Jun 1 2022
Project Labor Agreements Part II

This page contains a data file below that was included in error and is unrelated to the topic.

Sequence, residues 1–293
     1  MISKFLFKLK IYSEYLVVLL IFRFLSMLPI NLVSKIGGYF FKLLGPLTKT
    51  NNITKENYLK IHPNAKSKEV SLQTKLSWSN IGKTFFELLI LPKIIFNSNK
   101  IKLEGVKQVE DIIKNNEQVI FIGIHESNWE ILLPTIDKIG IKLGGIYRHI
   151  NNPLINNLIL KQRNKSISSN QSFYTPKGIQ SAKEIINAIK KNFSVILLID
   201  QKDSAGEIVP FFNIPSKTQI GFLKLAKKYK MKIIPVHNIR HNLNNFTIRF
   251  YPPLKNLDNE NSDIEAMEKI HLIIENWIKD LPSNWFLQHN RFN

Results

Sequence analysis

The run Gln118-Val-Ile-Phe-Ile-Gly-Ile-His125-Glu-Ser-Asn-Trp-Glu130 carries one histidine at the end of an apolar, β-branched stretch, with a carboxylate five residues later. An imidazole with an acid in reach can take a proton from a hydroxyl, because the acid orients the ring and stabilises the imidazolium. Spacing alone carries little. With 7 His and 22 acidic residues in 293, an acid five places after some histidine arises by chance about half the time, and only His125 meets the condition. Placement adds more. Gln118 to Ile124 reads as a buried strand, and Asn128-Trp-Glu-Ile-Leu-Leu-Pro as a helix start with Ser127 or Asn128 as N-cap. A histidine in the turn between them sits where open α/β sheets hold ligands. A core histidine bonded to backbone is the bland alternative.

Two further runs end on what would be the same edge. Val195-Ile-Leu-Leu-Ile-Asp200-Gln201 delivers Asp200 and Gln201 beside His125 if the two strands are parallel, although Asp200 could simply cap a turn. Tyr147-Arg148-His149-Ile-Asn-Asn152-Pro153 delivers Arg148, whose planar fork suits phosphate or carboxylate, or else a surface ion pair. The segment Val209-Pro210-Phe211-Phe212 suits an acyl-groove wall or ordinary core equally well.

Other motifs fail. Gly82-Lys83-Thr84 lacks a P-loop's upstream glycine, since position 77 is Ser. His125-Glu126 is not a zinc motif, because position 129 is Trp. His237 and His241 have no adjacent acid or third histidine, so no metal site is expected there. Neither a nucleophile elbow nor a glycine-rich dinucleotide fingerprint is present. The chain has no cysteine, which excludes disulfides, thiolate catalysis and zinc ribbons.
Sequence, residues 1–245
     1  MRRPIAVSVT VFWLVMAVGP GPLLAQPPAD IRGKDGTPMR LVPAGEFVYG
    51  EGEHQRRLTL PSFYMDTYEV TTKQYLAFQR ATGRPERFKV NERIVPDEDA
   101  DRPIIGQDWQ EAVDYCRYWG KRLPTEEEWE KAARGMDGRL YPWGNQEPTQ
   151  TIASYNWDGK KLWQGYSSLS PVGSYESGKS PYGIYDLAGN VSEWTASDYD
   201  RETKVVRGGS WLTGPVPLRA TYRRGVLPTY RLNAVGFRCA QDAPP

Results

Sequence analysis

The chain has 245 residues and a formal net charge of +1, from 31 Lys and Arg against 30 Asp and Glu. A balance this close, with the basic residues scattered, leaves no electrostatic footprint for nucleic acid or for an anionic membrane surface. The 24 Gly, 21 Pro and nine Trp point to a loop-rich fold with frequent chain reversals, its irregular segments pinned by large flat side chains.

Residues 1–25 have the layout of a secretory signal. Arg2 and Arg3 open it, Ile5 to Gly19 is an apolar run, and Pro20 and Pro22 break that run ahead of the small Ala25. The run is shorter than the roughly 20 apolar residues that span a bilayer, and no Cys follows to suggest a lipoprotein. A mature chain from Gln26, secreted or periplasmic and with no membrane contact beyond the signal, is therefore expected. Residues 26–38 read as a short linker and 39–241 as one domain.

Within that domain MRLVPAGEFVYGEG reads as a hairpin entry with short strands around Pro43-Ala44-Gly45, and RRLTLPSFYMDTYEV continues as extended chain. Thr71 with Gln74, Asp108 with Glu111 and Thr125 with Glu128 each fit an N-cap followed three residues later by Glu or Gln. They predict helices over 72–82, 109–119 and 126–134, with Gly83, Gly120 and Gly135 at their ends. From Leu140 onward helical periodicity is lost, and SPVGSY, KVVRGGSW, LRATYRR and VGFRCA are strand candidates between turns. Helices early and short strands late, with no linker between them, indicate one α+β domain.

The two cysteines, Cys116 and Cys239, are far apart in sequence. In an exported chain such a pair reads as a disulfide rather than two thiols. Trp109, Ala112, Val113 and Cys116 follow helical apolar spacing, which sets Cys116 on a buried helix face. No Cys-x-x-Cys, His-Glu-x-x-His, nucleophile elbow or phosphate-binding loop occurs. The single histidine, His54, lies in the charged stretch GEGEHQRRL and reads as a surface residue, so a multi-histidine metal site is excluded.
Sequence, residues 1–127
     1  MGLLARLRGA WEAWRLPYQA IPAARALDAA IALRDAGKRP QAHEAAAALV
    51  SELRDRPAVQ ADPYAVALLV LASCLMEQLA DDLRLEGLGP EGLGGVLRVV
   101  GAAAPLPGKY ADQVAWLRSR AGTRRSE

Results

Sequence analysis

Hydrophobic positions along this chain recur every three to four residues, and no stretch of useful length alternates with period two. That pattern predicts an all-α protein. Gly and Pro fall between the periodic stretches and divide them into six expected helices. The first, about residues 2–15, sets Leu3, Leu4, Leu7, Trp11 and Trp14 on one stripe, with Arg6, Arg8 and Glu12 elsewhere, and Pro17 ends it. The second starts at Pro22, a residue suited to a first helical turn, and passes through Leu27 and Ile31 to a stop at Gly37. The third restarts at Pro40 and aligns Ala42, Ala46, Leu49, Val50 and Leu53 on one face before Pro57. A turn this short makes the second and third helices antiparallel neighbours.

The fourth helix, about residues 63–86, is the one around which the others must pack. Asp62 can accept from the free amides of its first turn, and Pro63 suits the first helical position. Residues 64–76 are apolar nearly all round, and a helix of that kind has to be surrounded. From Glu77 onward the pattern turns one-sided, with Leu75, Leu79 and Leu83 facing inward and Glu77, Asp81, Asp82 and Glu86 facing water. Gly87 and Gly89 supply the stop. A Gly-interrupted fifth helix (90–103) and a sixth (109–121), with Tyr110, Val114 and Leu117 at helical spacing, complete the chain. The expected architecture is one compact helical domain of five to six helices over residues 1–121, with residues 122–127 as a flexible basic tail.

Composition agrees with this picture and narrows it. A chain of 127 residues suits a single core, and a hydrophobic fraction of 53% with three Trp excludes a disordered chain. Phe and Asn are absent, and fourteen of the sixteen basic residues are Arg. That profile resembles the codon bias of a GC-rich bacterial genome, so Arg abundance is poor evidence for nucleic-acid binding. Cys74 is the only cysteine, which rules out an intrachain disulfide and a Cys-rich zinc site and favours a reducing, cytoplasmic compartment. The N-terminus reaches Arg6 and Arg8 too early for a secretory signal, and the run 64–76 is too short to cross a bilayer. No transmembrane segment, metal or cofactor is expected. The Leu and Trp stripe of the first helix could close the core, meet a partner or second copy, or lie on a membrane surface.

On May 13, 2022, we released Part One related to President Biden’s Executive Order 14063 mandating Project Labor Agreements (“PLA”). Our Labor Law Insiders, Tom Godar, Rufino Gaytán and Michael Schrier, began to explore the requirement that contractors and sub-contractors on large federal construction contracts “negotiate or become party to a project labor agreement with one or more appropriate labor organizations.”In Part Two of this discussion regarding the impact of the Executive Order, we explore how this requirement of PLAs for construction agreements greater than $35 million may indeed be another avenue that unions might use to organize construction employees. Our Insiders tackle the potential use of publicly available information mandated under the new PLA regulations, and how, in combination with wages dictated by the Davis-Bacon Act, unions might identify and target union-free employers for organizational activity. This disclosed information may be one more helpful piece of information for unions, courtesy of the Biden administration and its effort to be the most union-friendly administration ever.The guests also explore when we might expect publication of the regulations, and how they might resemble or differ from those already in place under the current Obama-era PLA Executive Order. The Federal Acquisition Regulation Council may issue such new regulations as soon as June 4th of this year.Importantly, attorneys Gaytán and Schrier will discuss possible legal challenges to these regulations, as well as cautions for those non-union entities who might seek the benefit of large government contracts and in so doing, become entangled in the PLA’s with various unions. For contractors inexperienced in such matters, engaging in PLA work may have hidden trap doors wholly apart from potential union entanglement for union-free companies.We invite you to listen to this interesting presentation, not only for the specifics of the PLA impact, but to assess the breadth of impact that a seemingly simple expansion of regulations can have on both union and non-union federal contractors alike.